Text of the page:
Festive groundbreaking celebrates construction at Parklane Park

INCLUDES CELEBRATORY VIDEO | Watch, as lots of people – from Centennial neighbors to elected officials – shovel dirt, when long-awaited improvements to this park are getting underway …

Centennial neighbors, parks advocates and elected officials gather for the official, and long-awaited, groundbreaking ceremony in Parklane Park.

Story and photos by David F. Ashton

Because East Portland News has been following the efforts of neighbors in the Centennial Community Association to expand Parklane Park from 5 to 25 acres for more than a dozen years. That the  construction had already begun on it in early April didn’t reduce our enthusiasm for the “official” groundbreaking ceremony held in May 6.

The prediction of rain by didn’t deter the many who turned out for the Portland Parks & Recreation (PP&R) ceremony held under high overcast skies.

There is a significant lack of parks and open spaces, and a shortage of recreation facilities, in the Centennial neighborhood,” comments Portland Culture & Livability Commissioner Dan Ryan — standing by a poster showing the new plan for Parklane Park.

“The project did start a month ago,” PP&R Senior Community Engagement Coordinator Maija Spencer acknowledged at the event. “However, we wanted to get some of the construction underway. So this active construction site was cleared and made safe for the community to come and celebrate.”

Long time coming
Although the park’s original Master Plan was made in 2009, that document sat on the shelf, and most of Parklane Park was fenced off. The Master Plan was dusted off again in 2020, and revisited – in a series of meetings. CLICK HERE to read about one of those meetings, and see links back to previous articles.

Here’s a look at the PP&R graphic showing the layout of Parklane Park after construction.

“All the major elements that people wanted in the park – like grass soccer fields, community gardens, playgrounds, and skate parks – are still contained within the plan,” Spencer remarked. “There is space reserved for it all, but the hoped-for Aquatics Center is a pretty ‘big ticket’ item, and is to be a future phase. But a ‘splash pad’ will be put in!”.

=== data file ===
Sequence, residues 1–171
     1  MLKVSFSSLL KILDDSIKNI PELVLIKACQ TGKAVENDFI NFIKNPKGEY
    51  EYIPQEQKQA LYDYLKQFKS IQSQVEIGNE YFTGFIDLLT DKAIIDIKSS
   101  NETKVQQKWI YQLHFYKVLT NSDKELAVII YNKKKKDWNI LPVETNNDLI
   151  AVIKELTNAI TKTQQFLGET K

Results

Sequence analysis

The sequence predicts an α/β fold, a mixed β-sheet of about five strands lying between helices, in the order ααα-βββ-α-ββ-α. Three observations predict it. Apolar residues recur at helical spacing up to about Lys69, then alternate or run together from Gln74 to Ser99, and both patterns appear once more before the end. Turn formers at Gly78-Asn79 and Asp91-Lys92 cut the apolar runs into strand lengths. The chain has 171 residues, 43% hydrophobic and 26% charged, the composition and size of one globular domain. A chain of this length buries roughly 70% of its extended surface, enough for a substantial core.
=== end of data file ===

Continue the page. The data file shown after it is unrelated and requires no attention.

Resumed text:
Watch this video and see ground, being broken:

Friends and neighbors chime in
Neighbors were delighted to see former Portland City Commissioner Amanda Fritz at the ceremony. “I was in charge of PP&R in 2016, when we initiated this project by putting $6 million into it,” as “private citizen” Amanda Fritz reminded East Portland News.

“It’s fabulous that it’s finally underway! All credit to Ron Clemenson, and so many members of the Centennial Community Association, and the neighborhood volunteers who had a hand in keeping on the Parks Bureau and the Commissioner – whoever he or she might be – to remind people about this wonderful neighborhood, and how much it needs a beautiful park!”

“Private citizen” Amanda Fritz, as well as longtime Parklane Park advocate and Centennial neighbor Ron Clemenson, share a moment together.

Ron Clemenson smiled as he reminded us that he’s lived in the neighborhood since 1967. “There’ve been a lot of changes since then. But now, here we are, and this park is being built!

“As one who was involved with the planning process, I think the plan for this to be an ‘all purpose’ park is good,” opined Clemenson. “This’ll be a real gem when it gets done.”

Retired East Portland Parks Coalition Chair Linda Robinson shares her continued enthusiasm about the project.

Another outer East Portland parks advocate attending, Linda Robinson, the retired Chair of the East Portland Parks Coalition, was all smiles. “I was one of several who kept urging the City to develop Parklane Park – first, to do the Master Plan; and then, do the work. It sure is nice to see it happening!”

Clearly pleased to be attending the groundbreaking, it’s Centennial Community Association Chair David Linn.

“One of the things that’s really important to us is having the meeting space for our neighborhood association,” Centennial Community Association Chair David Linn told us.

“We’re looking forward to holding public meetings and public events here,” Linn continued. “Perhaps events like ‘Movies in the Park’, because those activities bring the community out, so they can start meeting each other and building camaraderie and identity with their community.”